A marital client privately confessed last week, "I think I might be addicted to my phone; and if I'm really honest with myself, this might play a huge role in the problems with my marriage." He's not alone. I hear from my clients, day in and day out, and see in my own marriage, how phones can get in the way. According to recent studies (as featured in the New York Times May, 2017), a large majority of partners deemed smartphones and other technology devices as the cause of greater relationship conflict and dissatisfaction, and for many, this included lower life satisfaction as well.
While our smartphones offer tremendous obvious benefits, including staying in better touch, they have also introduced unprecedented barriers to human connection, within ourself and between each other. Many seem to have a sense of the problems their phones might be causing them, often lightly joking about the issue. Most underplay the severity of their compulsive phone behavior and the damage caused by these tempting devices (aka denial). A great many simply lack awareness. Not easy to do, but simple changes can make a great difference.
But first, let's assess whether our relationship to our phones is, in fact, interfering with our relationships, and next explore the kinds of problems these digital best friends might cause. Awareness is the first and essential step to creating motivation for change. Then I'll share 4 Simple Changes to keep ourselves in better balance.
Are We Addicted — Is Our Phone Interfering? A recent New York Times article featured Dr. David Greenfield, a University of Connecticut psychiatry professor who developed a Smartphone Compulsion Test. Through a series of 15 simple questions, Dr. Greenfield provides an easy way "to help people determine if their phone use is reasonable or excessive." Anywhere from asking whether we keep our phones at the dinner table to the degree we feel the urge to check a text, I recommend taking a few minutes to take his short questionnaire. I'll break the ice. According to Dr. Greenfield's relatable criteria, I clearly have a compulsive relationship to my phone. Regardless of how you scored or assess yourself, I believe we all benefit from exploring how we allow our phones to get in between each other and block us from the best version of ourselves.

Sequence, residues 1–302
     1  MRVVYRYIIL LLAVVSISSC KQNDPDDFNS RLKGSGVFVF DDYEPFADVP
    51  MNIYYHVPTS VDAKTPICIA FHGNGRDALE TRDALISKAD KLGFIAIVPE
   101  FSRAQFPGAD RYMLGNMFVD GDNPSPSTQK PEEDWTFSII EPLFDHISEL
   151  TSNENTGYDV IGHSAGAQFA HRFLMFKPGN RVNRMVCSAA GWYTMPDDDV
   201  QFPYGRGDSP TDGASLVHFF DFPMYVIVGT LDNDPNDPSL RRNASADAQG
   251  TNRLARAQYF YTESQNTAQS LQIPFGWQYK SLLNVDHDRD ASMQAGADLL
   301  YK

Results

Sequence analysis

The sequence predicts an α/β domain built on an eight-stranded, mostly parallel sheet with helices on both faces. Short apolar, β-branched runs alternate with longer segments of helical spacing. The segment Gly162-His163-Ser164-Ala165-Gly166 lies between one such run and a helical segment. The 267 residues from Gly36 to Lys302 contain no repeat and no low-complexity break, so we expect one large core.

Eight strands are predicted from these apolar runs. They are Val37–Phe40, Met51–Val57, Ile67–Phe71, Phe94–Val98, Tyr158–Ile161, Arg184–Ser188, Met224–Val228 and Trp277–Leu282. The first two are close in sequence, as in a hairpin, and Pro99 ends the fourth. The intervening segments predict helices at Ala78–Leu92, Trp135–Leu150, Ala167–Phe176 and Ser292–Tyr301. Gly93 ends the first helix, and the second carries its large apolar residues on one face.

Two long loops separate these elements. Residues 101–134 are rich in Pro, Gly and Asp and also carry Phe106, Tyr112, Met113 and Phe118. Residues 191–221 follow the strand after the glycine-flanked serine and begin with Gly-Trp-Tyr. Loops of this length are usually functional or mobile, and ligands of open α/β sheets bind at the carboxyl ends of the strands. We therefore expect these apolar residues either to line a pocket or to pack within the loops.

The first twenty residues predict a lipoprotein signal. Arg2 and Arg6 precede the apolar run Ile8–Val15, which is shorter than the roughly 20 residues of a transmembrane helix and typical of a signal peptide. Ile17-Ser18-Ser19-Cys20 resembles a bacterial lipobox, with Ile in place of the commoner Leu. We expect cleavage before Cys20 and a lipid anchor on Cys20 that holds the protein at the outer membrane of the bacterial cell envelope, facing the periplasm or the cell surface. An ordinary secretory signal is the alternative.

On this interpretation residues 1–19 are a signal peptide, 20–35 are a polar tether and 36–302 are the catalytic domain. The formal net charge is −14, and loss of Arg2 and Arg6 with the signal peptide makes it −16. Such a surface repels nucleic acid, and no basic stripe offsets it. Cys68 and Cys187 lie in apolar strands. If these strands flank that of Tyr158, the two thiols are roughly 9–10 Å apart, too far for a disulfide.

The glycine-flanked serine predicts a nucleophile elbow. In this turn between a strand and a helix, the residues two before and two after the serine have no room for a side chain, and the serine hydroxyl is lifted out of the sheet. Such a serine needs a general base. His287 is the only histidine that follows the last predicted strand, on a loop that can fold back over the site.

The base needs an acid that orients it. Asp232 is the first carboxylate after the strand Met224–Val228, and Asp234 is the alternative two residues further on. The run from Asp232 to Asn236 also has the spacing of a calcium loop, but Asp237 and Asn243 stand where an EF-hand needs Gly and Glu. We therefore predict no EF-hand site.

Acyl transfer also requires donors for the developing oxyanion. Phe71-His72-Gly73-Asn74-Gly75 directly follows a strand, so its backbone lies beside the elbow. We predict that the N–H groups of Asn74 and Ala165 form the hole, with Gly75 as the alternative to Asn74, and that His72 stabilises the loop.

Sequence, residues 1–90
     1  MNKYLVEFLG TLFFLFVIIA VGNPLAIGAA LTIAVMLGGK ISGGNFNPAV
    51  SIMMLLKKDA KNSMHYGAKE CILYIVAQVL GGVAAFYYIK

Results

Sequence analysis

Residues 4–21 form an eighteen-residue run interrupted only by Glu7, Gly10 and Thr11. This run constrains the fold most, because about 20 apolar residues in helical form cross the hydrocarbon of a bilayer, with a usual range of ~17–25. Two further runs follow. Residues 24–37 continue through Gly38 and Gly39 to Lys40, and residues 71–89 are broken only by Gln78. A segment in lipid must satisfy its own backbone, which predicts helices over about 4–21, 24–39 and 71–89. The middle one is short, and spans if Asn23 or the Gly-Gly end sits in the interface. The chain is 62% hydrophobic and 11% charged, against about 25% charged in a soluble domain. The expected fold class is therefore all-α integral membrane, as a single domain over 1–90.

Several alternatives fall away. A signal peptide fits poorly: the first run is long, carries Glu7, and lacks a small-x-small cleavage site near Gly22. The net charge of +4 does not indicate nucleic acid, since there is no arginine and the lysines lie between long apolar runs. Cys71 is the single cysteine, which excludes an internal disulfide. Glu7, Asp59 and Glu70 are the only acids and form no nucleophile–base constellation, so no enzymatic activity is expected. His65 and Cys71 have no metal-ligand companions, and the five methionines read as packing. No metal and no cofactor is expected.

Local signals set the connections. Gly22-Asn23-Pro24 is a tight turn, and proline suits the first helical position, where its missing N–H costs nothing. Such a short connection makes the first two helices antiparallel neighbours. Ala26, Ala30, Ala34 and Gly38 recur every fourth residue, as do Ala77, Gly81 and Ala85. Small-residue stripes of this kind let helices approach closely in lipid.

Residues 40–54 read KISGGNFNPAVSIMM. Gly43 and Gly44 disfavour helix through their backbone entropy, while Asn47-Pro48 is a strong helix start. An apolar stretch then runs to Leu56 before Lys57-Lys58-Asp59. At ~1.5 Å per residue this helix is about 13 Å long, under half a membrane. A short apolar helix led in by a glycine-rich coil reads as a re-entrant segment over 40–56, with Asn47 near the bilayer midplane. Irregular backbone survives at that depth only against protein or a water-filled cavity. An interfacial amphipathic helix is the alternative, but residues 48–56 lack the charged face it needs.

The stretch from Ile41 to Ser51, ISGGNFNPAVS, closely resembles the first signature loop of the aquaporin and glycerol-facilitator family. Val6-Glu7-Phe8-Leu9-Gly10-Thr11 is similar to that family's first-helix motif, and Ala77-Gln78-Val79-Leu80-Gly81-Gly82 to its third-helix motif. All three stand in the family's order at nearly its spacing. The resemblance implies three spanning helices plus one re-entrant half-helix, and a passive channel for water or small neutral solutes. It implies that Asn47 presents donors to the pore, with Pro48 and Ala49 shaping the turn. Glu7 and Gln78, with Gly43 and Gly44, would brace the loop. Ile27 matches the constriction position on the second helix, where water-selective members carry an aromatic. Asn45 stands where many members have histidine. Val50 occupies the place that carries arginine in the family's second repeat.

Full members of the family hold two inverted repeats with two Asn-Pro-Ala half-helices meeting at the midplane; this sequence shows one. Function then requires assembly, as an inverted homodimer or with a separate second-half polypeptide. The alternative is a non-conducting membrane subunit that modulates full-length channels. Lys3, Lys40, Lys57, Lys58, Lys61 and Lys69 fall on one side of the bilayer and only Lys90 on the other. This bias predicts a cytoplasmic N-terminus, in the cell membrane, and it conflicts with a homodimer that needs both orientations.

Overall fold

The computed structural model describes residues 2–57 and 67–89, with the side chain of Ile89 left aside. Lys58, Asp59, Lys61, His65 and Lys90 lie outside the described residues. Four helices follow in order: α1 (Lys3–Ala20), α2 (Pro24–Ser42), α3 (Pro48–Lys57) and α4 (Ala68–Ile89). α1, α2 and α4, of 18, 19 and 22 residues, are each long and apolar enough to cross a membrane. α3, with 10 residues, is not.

How Phone Addiction Might Hurt Us. Be on guard for the following 4:
- Relationship Dependency or Neediness. For my client, he found that his phone fed a needy tendency, particularly because of the 24/7 opportunity for access. His constant checking compulsion, coupled with the expectation for an immediate reply, only exacerbated his insecurity. Smartphones have created a shift in perceived accessibility. Used to be, in those olden days of landlines and knocks-at-the-door, we would not expect to reach each other so instantly and constantly. We had a stronger “wait for it” muscle which naturally encouraged us to work through our emotional vulnerability, internally. Today, it’s easier to use our phone as a security blanket when we feel lonely, empty, bored or unsafe. While there's a great value to keeping better connected, phones can leave us seeking a false sense of security from others and more likely to jump to conclusions when we don't hear back as quickly as we'd like.
- Desire For Instant and External Gratification. Similar to triggering emotional neediness, our smartphones can make us more likely to seek stimulation and validation both externally and instantly. When we stay too attached to our phones, this can diminish a deeper connection to our inner self and life.
- Lack of Being Present. Above any other grievance I hear and deal with personally is how phones can make us all distracted and simply "not there." In this digital technology era, it’s even harder to be alone with ourselves, easier to feel fidgety and lost when there's quiet time. Phone usage (or abus-age) makes being present and fulfilled in the moment much more difficult — a state of being already challenging for us human doers. When we lack a connection within ourself, we are less available to be present with others. The complaints I hear about partners' phones are only growing in my counseling office — “If she would just put down that phone!” The blank shell of a connection, when we are with someone who keeps looking at their phone, can leave us empty and ripened for bitter words. Most couples report that each are as guilty as the other. We simply cannot feel and grow our love together when we are not "there,” sharing at least some degree of guarded quality time.